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There seems to have been a weapon called a dart in existence for many hundreds of years as various mostly obscure literary references to the term affirm. However, the existence of a dart is not the same as the existence of the Game of Darts. The first clear references to any game like darts first appear as a nineteenth century parlour game. The first such game was called Puff and Dart which used a blowpipe to fire a dart at the target. It is said that in 1844, during a game of Puff and Dart at a London pub, a player made the unfortunate mistake of sucking rather than blowing. The dart disappeared into his digestive system whereupon the poor chap died a few days later. The other game was Dart and Target which is similar but without the blow-pipe i.e. the darts are thrown. Best guess for date of appearance of this is late 1870s.
Early forms of Darts started to grown in popularity in the 19th Century but it didn't become a serious pub game until the 20th century when it was still known as Dart and Target according to 'Lawful Games on Licensed Premises', 1904. Dart and Target was played on a board of numbered coloured circles, on which doubles and trebles did not feature, the highest score being the bullseye and lowest at the edge. Brewers started to organise leagues from around 1925. . Like other games, Darts suffered from laws prohibiting it in places such as Liverpool and Glasgow.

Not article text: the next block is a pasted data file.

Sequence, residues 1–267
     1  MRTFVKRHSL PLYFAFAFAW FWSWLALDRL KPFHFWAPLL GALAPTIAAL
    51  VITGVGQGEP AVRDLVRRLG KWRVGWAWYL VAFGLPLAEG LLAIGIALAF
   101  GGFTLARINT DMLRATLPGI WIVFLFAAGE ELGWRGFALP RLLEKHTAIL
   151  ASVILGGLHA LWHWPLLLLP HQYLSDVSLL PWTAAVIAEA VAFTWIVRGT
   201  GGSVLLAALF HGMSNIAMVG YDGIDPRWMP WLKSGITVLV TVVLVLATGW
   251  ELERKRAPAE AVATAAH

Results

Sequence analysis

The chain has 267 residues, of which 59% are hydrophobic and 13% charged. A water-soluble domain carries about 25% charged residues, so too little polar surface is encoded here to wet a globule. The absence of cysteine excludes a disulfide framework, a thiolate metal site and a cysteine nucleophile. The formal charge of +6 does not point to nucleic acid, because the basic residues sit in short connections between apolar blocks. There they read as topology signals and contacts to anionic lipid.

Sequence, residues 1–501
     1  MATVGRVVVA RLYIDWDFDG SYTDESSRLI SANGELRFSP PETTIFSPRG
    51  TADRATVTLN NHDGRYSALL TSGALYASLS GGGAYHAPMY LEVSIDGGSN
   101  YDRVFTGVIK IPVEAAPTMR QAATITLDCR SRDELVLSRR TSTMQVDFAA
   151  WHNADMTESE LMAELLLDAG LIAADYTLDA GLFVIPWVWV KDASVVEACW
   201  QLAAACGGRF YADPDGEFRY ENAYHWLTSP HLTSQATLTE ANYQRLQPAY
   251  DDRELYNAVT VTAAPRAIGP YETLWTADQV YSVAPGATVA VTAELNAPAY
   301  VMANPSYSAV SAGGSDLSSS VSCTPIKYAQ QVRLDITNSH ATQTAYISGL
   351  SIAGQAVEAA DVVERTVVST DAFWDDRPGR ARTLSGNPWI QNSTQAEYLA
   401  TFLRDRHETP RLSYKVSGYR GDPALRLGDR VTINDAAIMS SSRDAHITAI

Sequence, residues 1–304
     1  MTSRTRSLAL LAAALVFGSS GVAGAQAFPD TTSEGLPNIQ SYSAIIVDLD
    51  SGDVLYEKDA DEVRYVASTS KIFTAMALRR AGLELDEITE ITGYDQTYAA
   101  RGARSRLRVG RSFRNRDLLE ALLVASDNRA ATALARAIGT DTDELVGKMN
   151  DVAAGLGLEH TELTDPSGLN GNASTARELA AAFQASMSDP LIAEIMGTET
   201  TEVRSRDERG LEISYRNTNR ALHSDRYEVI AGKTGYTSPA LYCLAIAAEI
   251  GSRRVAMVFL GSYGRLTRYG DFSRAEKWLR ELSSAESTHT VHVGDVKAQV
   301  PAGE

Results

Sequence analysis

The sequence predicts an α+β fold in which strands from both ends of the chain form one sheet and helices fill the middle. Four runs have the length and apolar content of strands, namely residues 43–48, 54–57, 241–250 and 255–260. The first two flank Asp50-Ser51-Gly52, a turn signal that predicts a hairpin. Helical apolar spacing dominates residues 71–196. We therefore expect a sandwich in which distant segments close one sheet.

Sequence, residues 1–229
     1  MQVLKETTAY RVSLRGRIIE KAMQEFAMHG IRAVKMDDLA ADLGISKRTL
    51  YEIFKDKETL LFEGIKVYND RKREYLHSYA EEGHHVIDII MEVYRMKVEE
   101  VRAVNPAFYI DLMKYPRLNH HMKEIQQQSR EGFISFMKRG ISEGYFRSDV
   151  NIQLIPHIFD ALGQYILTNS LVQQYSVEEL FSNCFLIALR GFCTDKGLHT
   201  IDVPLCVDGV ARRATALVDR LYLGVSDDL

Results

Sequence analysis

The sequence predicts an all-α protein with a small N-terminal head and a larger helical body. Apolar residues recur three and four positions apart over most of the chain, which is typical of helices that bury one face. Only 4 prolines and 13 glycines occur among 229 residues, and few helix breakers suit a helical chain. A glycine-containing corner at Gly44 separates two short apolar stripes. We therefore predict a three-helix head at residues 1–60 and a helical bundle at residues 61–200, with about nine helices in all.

Although the standard or trebles or "London" board pictured is the primary darts board in use today, many different designs have existed over the years and non-London variants are still around. Still known to be used are the Yorkshire board, the Lancashire or Manchester board, the Staffordshire Board and East End Darts is also still popular being played on a boards with segments scoring multiples of five. The London board's segmented numbering scheme is inherited from the old Yorkshire, Burton, Irish and Lincoln boards which have a similar arrangement. The only picture that exists of any dartboard prior to 1920 is a picture of the weird-looking Grimsby board from around 1890.